Wordsworth reads “Daffodils” at Rydal Mount

christopher in the daffsWilliam Wordworth’s great great great great grandson came home to the Lake District this week to read the world’s best loved poem published by his ancestor 200 years ago.

Christopher Wordsworth recited Daffodils at the house near Ambleside, Rydal Mount, where William lived for most of his life. The house is still owned by the Wordsworth family.

Christopher’s audience was a crowd, a host, of young poets, with their families and teachers, from across Cumbria who had entered the annual Wordsworth Young Poets award. They listened as he also read out the winning poem, The Jigsaw of Me, by 13 year old Jessica Dickinson from Cockermouth, a pupil at Keswick School.

William wrote two versions of Daffodils, the longer, later one being the version which is widely known today.

 

First version

I wandered lonely as a Cloud
That floats on high o’er Vales and Hills,
When all at once I saw a crowd
A host of dancing Daffodils;
Along the Lake, beneath the trees,
Ten thousand dancing in the breeze.

The waves beside them danced, but they
Outdid the sparkling waves in glee: —
A poet could not but be gay
In such a laughing company:
I gazed — and gazed — but little thought
What wealth the show to me had brought:

For oft when on my couch I lie
In vacant or in pensive mood,
They flash upon that inward eye
Which is the bliss of solitude,
And then my heart with pleasure fills,
And dances with the Daffodils.

Composed, 1804
Published, Poems in Two Volumes 1807

Second version

I wandered lonely as a Cloud
That floats on high o’er vales and Hills,
When all at once I saw a crowd,
A host, of golden Daffodils;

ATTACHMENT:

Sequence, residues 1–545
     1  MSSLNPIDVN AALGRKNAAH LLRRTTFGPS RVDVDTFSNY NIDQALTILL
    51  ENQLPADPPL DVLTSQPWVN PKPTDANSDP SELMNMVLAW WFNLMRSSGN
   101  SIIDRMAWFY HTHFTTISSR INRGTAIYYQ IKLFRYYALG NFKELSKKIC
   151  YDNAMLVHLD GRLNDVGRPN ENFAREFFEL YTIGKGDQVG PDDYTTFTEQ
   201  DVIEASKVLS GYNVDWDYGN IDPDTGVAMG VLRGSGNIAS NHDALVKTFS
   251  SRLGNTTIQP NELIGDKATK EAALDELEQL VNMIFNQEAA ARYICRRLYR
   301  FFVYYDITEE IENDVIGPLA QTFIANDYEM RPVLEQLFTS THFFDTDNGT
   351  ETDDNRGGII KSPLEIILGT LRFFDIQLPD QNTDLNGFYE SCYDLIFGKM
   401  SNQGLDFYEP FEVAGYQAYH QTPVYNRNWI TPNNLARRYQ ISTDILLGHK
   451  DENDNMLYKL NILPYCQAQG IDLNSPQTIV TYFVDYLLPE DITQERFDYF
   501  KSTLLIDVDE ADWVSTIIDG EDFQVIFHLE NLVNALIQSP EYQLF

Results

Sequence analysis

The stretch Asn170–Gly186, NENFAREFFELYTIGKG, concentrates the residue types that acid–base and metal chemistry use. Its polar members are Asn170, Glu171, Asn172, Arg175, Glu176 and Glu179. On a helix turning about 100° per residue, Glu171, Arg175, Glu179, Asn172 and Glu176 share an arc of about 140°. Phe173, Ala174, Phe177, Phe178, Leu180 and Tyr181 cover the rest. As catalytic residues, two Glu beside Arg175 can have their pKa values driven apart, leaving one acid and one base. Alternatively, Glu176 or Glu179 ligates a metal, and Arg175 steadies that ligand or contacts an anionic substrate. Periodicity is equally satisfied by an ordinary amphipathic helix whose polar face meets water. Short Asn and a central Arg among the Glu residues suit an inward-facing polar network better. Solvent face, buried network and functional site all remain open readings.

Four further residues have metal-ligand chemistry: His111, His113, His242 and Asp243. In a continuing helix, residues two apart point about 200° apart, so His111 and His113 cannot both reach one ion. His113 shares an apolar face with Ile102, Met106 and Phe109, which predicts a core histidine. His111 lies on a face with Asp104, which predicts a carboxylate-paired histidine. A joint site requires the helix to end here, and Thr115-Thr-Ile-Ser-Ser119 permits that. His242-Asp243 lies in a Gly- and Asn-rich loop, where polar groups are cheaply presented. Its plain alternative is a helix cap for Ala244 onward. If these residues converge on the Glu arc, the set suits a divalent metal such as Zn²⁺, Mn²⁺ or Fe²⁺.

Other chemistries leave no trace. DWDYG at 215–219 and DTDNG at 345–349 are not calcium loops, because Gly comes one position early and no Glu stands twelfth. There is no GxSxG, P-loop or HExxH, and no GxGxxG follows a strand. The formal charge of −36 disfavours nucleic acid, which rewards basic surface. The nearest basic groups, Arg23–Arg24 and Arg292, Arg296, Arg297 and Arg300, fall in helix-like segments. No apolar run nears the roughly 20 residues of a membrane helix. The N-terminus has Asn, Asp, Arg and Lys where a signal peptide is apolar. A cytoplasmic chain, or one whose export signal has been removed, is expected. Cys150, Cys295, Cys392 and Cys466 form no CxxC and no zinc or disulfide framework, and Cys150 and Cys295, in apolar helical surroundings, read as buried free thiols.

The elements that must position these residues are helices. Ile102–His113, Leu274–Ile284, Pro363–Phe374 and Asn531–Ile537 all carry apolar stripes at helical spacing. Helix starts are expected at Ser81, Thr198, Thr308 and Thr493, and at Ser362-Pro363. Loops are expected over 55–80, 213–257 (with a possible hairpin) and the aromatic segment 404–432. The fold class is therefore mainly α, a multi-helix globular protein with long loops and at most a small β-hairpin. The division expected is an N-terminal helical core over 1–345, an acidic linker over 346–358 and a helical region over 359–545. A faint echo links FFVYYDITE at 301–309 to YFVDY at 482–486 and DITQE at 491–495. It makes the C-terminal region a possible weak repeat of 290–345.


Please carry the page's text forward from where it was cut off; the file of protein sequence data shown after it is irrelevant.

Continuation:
Beside the Lake, beneath the trees,
Fluttering and dancing in the breeze.

Continuous as the stars that shine
And twinkle on the milky way,
They stretched in never-ending line
Along the margin of a bay:
Ten thousand saw I at a glance,
Tossing their heads in sprightly dance.

The waves beside them danced; but they
Out-did the sparkling waves in glee:-
A Poet could not but be gay
In such a jocund company:
I gazed—and gazed—but little thought
What wealth the show to me had brought:

For oft when on my couch I lie
In vacant or in pensive mood,
They flash upon that inward eye
Which is the bliss of solitude,
And then my heart with pleasure fills,
And dances with the Daffodils.

Published in Collected Poems, 1815

 

The Jigsaw of Me

By Jessica Dickinson (13), Keswick School

 

I wandered into my childhood,

Reminiscing one autumn day…

My creased eyes saw with joy

Each defining moment that shaped my mind, my life,

What treasures did I discover anew?

Fireworks shining in my mum’s eyes,

A swing to carry me to the top of the world,

A witch’s hat; a twinkling pumpkin greeting us and our tricks,

Santa, vibrant red, and a kind smile,

Summer days to run free and wild,

Oh no; that clown, a puppet, evil smile

Put him AWAY

A perfumed hug, everything’s OK

Colouring shapes on rainy days

My foot traces patterns on a sandy beach,

Laughing with friends until I cry,

And now but now, all my days are Autumn,

Winter draws close

Gnarled knotty hands, gnarled knotty trees,

Time to hibernate?

But my memories, like a toasty heart-warming fire keeping me aglow

Childhood memories

The jigsaw of me.

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